He stood on the bank of a river in western Ethiopia whose color was that of chocolate. His friends stood beside him, and many implored him not to do it. They told him that the river was full of crocodiles, and several have died trying to cross it. He told them he had to do it. He had to go. He told them there were whole villages of people on the other side of that river that needed to hear about Jesus. He told them that he had traveled a long way, and was compelled by God’s spirit to cross that river and spread the good word of Jesus.
This man was not wealthy, but dirt poor. He had no financial supporters. He had no training, and no real plan. He had only the courage of conviction that comes with knowing that God has something for him to do, and the knowledge that the Holy Spirit is moving. He stripped off his clothes, and carrying them over his head, waded across that muddy, chest deep river full of crocodiles.
This man’s story did not begin at that river bank. No. The story for him begins in another country, but this missionary is not an American. He’s Sudanese. He’s living in western Ethiopia, not by choice, but by necessity. Islamic Janjaweed militias forced him and his family to flee their homes in the Sudan. This region of Ethiopia is full of Sudanese refugees, many of whom are committed Christians. These people — these proclaimers of Christ — have lost everything because of complicated mix of religion, ethnicity, and tribalism. Yet they are being used by God to start churches among villages in the nation that now protects them. At last count, there have been approximately 40 churches started by these missionaries of the Sudanese diaspora.
We can make our plans. We can have our philosophies, strategies, and books. Yet, God will use whomever He wishes, and He will use people who are running for their lives, who have nothing, who are likely illiterate. They are not white, not Americans, not powerful. They are not like us, but they are like Jesus.
We make our plans. This is good and necessary. We have really smart people writing really smart books. I’m glad. We need thoughtful Christians. But we must never lose sight of who we follow and why. We must never forget that our calling is to reflect Christ’s glory and invite others to do the same.
It strikes me that God is the God of dispersion. Though I doubt any of my readers have ever run for their lives because of who they are, it is likely that all of us have pain in our lives. Life in this world is a diaspora. We live in a place and we call it home because this is where we are, not because this is where we really want to be. Yet we know there is more to life than this, and there is a home waiting for us more grand than the one in which we now live. Do we have a vision for that Kingdom? Do we, like a Sudanese refugee, know that whatever lies behind us is just a shadow of future glory? Do we, as the author Hebrews tells us, know that we have inherited a city that can not be shaken? Do we remember, as Jesus told us, that we should not fear those who can kill the body, but only the one who can destroy a soul?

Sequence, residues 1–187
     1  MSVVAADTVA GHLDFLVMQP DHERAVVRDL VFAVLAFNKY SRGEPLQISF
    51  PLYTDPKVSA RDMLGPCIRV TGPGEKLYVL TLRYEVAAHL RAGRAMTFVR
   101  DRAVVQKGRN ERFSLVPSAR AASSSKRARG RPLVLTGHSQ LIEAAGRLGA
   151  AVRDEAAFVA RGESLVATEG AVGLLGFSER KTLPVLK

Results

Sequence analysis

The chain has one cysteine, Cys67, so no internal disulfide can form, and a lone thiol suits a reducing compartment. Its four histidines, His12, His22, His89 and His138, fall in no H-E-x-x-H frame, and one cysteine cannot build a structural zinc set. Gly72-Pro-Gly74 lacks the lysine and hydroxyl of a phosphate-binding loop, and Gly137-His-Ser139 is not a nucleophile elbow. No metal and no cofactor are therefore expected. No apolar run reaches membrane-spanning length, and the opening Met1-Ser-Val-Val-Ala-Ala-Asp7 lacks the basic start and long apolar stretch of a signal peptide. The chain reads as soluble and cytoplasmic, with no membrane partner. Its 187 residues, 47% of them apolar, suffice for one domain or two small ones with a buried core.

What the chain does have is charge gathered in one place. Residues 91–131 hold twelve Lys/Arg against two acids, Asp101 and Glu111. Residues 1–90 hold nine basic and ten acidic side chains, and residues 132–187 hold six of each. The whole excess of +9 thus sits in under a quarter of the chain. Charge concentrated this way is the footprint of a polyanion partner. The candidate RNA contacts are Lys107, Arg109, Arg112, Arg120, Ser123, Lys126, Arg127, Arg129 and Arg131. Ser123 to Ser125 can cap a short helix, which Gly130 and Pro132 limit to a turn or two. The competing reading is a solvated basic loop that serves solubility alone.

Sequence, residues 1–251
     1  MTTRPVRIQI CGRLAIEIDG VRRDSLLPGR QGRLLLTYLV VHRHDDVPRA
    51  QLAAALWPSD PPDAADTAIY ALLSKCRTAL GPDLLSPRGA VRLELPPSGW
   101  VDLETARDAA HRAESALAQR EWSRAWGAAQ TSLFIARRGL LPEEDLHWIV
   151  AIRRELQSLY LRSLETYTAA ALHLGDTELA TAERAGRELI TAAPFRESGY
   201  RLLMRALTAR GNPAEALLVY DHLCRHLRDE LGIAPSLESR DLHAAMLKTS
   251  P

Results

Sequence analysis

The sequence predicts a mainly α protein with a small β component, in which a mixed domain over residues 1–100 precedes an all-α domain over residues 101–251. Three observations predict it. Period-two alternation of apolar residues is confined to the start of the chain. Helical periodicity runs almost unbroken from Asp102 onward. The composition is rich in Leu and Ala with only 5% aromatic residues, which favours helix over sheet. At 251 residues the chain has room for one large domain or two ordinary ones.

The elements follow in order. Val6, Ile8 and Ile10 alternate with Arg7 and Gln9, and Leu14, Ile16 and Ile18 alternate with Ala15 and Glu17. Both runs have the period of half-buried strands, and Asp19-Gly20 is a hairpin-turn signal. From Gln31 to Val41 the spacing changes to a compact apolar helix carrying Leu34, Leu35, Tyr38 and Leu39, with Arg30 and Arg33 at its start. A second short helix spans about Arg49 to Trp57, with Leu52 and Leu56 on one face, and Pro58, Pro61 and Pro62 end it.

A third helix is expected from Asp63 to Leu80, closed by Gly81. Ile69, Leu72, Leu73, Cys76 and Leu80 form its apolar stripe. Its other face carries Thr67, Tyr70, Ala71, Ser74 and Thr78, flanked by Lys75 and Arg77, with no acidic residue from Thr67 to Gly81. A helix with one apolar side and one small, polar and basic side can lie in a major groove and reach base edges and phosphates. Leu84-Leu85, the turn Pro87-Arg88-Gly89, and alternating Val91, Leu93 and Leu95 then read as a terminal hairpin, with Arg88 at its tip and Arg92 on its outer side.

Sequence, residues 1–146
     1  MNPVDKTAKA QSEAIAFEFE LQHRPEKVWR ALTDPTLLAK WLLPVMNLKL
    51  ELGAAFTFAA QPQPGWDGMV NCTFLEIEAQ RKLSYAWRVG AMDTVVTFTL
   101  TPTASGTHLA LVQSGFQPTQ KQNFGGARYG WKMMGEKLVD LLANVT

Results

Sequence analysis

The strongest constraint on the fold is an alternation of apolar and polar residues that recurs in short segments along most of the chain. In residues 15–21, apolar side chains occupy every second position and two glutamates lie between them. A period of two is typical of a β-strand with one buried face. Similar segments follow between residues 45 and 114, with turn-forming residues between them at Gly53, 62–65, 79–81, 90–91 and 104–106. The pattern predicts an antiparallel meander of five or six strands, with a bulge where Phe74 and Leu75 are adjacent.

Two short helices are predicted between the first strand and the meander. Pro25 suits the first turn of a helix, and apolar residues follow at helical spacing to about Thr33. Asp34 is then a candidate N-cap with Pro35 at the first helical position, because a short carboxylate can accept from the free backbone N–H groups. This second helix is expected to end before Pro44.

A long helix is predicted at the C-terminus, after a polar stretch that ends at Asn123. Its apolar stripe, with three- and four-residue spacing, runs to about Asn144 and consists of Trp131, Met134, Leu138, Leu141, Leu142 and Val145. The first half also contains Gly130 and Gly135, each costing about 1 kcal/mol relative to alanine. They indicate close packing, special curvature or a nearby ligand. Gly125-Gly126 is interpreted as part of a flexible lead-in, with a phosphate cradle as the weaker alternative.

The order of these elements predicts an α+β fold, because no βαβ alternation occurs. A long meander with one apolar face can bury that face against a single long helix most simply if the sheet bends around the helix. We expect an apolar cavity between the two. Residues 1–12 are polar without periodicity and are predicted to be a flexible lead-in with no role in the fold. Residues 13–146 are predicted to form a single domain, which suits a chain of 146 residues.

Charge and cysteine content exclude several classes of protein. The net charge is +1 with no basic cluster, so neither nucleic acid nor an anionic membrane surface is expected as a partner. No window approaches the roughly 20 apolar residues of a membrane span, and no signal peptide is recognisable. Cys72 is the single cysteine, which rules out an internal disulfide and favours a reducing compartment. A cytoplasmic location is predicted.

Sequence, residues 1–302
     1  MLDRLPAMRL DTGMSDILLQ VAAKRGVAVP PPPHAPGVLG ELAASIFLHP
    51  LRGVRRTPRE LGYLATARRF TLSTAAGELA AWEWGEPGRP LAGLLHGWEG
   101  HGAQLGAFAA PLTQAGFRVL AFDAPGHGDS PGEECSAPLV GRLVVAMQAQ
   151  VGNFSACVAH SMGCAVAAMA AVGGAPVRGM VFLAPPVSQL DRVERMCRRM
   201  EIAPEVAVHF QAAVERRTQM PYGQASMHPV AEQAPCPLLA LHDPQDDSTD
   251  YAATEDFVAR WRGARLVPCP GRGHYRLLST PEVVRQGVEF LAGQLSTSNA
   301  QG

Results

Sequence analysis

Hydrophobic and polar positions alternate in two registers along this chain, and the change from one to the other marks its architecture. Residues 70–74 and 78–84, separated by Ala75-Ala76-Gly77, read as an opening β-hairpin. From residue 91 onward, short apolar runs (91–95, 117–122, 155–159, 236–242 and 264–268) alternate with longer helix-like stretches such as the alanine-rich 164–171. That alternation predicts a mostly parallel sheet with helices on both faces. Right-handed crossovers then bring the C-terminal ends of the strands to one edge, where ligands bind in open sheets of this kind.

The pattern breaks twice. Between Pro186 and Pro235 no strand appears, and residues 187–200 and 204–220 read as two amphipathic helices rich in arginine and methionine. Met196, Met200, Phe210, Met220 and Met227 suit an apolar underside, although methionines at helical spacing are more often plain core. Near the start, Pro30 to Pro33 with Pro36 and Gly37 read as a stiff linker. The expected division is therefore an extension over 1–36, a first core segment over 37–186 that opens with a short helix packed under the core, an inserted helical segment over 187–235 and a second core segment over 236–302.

There is something freeing in coming to the realization that if you cross a crocodile infested river for the sake of the gospel and die in the process, you have gained eternity. It is also freeing to know that if you make it to the other side Jesus will be glorified, and the good news will be preached. To live is Christ, but to die is gain.
I’m not telling you to go do something “radical” for Jesus. No. I’m trying to remind us to simply live the life we have been called to live. Live as a simple Christian simply following Christ. If He calls you to cross a river, cross it. If He calls you to go to your desk and do your normal job to the best of your ability so that others may get a glimpse of Jesus, then do that. But do it knowing that God is the God of dispersion. The day may well come in all of our lives when we lose, or are asked to give up, everything for the sake of Christ. It is painful, but God has this way of taking pain, and working it out for His glory and your benefit.
It’s comforting to know that the crocodiles might get us, but either way, we win.